Once we started practice and individual workouts my freshman year I was more determined than ever to prove my worth and improve my game. I needed to be stronger, jump higher, and be better at everything! I knew that and the coaching staff reinforced that during every interaction. It was a relentless grind that consisted of practice for 2-3 hours, weights, eating dinner with the team and then returning to my room around 8 pm to start homework. Maybe later if a coach “volunteered” to stay and rebound so I could get more shots up. It was a pretty standard schedule for a college athlete. I was all in – just like my teammates – and academics got squeezed in during whatever time was left. Witnessing teammates get harassed about knowing their GPA and not their free throw percentage was the only signal I needed to understand where my priorities were supposed to be. This led to a GPA of 2.2, summer school and not being able to pick the major of my choice because of my poor academic standing. The coaches were happy and I started the first conference game that year, good for them and shame on me. I feared the perception of not caring at the expense of my academics, I didn’t want to be shamed into working hard and I clearly didn’t want to sit on the bench. The personal convictions (academic discipline, intellectual growth) I went to college with were quickly discarded so I didn’t get singled out for not “trying to be a champion.” Stay true to yourself and convictions, and everything will fall into place.

During the season when there was more at stake and the frustrations grew, it brought about a different character in this head coach. He was a much different person than the one that I met on the recruiting trail. Whether it was throwing balls at guys, calling some fat asses and berating others with curse words or by the derogatory term for female genitals, this guy showed zero class. You were either in his corner or on the outside. Fortunately, I floated between the two areas and experienced each environment. I say fortunately because I quickly became empathic towards the handful of unlucky teammates. The situations that I will never forget were the ones that were very personal or involved a close friend. My parents traveled to spend Thanksgiving with me and watch a multiple game homestand my freshman season. After our team holiday dinner, he spent a short period of time talking with my parents and actually congratulated my mom on raising “quite the momma’s boy.” He then proceeded to keep me on the bench for the following three games (the ones my parents stayed to attend) and not play me at all. I didn’t think it was a coincidence but after the third game of not playing he intentionally came up to me and asked if I had apologized to my parents for traveling across the country to watch me sit on the bench. One of my most prominent memories of playing for him was when he didn’t let us wear our practice jerseys for a week because he said we were an embarrassment to our school. Or when we returned from a road game and practiced baseline out of bound plays until 2 am because someone botched one earlier than night in the game.  I don’t give these examples for sympathy, I give them to show how abnormal and irrational grown men (and women) can act. Whatever team you join after high school will become your college family immediately. Surround yourself with people you are comfortable sharing both disappointments and successes. Keep your expectations of who you will be playing for minimal and don’t let them disappoint you.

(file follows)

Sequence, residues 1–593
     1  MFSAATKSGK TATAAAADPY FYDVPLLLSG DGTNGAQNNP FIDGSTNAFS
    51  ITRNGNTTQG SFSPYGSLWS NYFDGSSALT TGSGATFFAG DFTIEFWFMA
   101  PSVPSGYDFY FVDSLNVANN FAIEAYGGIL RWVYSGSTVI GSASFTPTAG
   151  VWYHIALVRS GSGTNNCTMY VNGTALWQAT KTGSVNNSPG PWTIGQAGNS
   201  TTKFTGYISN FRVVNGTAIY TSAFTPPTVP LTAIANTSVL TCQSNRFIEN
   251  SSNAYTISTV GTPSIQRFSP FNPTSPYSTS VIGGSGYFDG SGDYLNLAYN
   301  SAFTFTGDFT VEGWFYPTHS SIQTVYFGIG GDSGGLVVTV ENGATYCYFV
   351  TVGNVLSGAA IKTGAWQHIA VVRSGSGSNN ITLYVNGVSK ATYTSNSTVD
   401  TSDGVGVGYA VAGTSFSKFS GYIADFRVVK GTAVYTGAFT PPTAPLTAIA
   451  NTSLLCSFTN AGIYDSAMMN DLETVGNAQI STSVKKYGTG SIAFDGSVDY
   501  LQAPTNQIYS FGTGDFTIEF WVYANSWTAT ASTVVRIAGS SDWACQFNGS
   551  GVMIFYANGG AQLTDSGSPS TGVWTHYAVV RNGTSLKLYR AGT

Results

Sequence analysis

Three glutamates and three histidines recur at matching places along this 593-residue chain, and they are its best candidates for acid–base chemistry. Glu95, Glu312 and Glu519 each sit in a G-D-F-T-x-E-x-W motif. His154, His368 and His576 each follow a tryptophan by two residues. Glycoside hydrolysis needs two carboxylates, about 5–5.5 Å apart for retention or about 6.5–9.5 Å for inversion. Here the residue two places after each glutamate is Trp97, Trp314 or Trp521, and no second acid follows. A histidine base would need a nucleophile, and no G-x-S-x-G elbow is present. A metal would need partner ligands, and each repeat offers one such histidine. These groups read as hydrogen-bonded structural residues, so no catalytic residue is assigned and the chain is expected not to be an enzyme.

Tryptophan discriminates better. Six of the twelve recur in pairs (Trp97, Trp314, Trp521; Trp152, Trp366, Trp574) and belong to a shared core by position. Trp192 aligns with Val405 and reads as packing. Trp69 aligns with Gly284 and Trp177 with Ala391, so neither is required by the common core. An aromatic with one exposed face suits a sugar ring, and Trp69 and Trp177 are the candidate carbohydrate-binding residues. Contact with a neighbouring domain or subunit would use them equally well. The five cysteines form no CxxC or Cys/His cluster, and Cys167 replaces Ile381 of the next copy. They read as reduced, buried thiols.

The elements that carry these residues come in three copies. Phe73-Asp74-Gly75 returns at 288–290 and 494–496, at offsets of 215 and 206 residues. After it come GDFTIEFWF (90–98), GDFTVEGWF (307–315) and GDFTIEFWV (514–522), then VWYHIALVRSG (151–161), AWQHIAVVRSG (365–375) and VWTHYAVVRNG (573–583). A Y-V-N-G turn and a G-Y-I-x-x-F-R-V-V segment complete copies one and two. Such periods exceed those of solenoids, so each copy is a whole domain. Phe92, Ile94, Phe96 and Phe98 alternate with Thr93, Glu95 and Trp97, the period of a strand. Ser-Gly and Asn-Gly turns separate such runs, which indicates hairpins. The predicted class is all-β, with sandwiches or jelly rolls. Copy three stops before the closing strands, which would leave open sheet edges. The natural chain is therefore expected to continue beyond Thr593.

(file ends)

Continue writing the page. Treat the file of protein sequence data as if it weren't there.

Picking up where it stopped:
I endured playing for this coach for two seasons. I had to separate myself from the environment to regain my confidence, turn around my GPA and start preparing for life beyond school and after sports. Everything I witnessed during those two years was exactly what I NEVER wanted to become in a leader. I gained a new perspective for sports, an appreciation for positive role models, and desire to prove myself outside of the gym and away from the sport. I’m thankful it all happened the way it did because I know I came out stronger on the other side. My advice to any high school athlete:

1) Vet and research your potential schools and coaches – they quickly become your collegiate family;

2) Always stay true to your principles and personal convictions; and

3) Remember that it is supposed to be fun.

Looking back the investment I made for the game gave me returns not reflected on a scoreboard; a college education, emotional maturity, priceless leadership lessons, and the confidence to navigate any adversity hurled my way.